My point here is that you have to be picky with your data sources. You want to pick the data you want to get, and you want to pick sources that have high signal to noise ratios.
To do this takes some effort and some time. The best way I have found to do this is to figure out strategies for determining quality.
- For books, look at reviews and recommendations, don’t pick up a book because the cover looks cool. Make sure you’re not going to waste your time reading something that is not good material.
- For blogs, put them in your RSS reader, read all the ones in your reader. Over time, the ones that you feel like you don’t want to read, remove from your reader, or put into a folder for checking every once in a while, instead of your must read list. You can scan the lists every couple of days or so and read just the things that interest you.
- For podcasts, recognize the difference between entertainment and information. It is okay to listen to podcasts just because they are entertaining, but make sure you know which ones you consider good information, and which ones you consider good entertainment. The best ones are the ones that combine both.
Keep your lists active. Add things, remove them, always optimize it. Sometimes data sources that were good go sour. Sometimes new good ones pop up. Don’t get stuck in a rut reading stuff that doesn’t benefit you anymore. Your own growth will change what is valuable to you also.
Figure out your schedule
You have to know how much time you are going to dedicate to the fire-hose drinking. If you have more things than you have time, you end up becoming stressed out. Your reading list backs up and becomes a pile of work instead of something you enjoy doing. Don’t let that happen, make sure you have a plan and stick to the plan.
You need to figure out when you are going to do particular things and about how much time you have. This will force you to set some limits on the number of things that you allow in each day.
For example: I know that I will spend about 45 minutes to an hour each morning catching up on blogs and things in my RSS reader. I know that I have a commute each day which allows me about 40 minutes each day to listen to podcasts. I know that during the day I have about another hour of doing something mindless where I can probably listen to a podcast while I work. I know that I want to dedicate about 30 minutes each day to reading a book.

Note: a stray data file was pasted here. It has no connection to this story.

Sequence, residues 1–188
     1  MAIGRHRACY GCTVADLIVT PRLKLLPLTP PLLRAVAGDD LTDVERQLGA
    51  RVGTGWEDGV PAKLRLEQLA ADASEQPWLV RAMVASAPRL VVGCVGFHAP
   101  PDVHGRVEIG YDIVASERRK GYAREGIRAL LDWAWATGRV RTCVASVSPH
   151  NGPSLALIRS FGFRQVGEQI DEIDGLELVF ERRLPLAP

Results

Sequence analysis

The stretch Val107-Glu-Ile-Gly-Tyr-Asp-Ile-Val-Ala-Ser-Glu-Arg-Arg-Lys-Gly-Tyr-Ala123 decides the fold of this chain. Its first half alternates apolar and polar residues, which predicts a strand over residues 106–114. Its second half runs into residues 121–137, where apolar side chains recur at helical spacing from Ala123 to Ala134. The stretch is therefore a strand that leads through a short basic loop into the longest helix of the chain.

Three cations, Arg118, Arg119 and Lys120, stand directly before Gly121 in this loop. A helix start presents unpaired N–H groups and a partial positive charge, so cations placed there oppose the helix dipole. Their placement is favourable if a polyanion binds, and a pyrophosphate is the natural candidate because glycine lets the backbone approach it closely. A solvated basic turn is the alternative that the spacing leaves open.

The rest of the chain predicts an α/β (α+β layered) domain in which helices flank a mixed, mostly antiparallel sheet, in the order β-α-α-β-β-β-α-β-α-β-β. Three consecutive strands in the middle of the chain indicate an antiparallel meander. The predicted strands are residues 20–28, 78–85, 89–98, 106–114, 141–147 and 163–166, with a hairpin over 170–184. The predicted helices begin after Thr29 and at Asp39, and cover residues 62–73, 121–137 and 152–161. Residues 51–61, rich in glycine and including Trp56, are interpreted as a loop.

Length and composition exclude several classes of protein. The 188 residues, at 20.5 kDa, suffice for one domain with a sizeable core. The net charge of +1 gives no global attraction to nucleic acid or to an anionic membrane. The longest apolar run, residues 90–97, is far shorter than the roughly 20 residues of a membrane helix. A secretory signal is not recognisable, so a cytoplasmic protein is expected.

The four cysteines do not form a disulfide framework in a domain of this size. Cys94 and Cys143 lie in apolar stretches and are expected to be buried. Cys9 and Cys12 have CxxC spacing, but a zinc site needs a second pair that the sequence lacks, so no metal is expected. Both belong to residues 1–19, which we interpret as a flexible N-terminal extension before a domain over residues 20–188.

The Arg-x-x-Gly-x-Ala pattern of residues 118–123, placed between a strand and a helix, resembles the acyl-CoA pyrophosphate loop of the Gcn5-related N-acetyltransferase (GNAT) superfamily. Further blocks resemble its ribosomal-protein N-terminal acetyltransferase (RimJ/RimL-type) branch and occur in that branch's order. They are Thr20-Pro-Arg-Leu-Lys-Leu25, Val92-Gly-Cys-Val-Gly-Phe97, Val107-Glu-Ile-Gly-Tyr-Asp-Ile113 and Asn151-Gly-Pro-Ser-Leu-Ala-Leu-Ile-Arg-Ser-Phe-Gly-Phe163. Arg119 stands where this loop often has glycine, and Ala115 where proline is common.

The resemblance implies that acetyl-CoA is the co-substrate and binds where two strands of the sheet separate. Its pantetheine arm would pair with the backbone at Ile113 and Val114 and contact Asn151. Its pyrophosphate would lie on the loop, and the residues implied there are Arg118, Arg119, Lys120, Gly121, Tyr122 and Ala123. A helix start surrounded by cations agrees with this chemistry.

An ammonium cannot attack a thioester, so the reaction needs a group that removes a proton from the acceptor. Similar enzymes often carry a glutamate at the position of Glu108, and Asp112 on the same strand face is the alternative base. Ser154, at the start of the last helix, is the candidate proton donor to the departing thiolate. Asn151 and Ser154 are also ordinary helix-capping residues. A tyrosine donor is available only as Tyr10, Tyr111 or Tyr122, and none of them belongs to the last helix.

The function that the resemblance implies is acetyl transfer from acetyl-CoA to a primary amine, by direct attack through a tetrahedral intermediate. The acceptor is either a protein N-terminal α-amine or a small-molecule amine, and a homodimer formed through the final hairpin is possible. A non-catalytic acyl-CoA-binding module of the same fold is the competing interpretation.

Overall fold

Based on my schedule, I know that I can’t really have more than about 8-10 things in my RSS reader to read each day. I have to pick about 3-4 podcasts to subscribe to (depending on frequency of updates and length of episodes), and I can pick a book off my reading list on average about a month.
Use your knowledge of what your schedule is to put hard limits on the amount of information you allow into your world on a subscription basis. Remember also that things like tweets are going to show up at different points during the day, and leave some time for discovering new sources from recommendations.
Do you like wasting hours of time with nothing to show for it? Avoid the temptation to mark things off your RSS reader or your book list, just for the sake of marking them off. If you are going to subscribe to an RSS feed, read the content. Read the whole thing. Don’t skim through it and not gain the information. The same goes for books and podcasts.
If you feel like you don’t want to read it and you want to skim it instead, then simply remove it from your subscription, close the book and move on or stop the podcast. Don’t waste your time, and don’t do things just to check them off a list.
Hopefully my advice has been of some help to you. I am still trying to figure how to do all these things myself, and I still do feel overwhelmed at times, but I do feel like I am getting better at it. What do you think? What kind of strategies do you employ to “drink from the fire-hose”?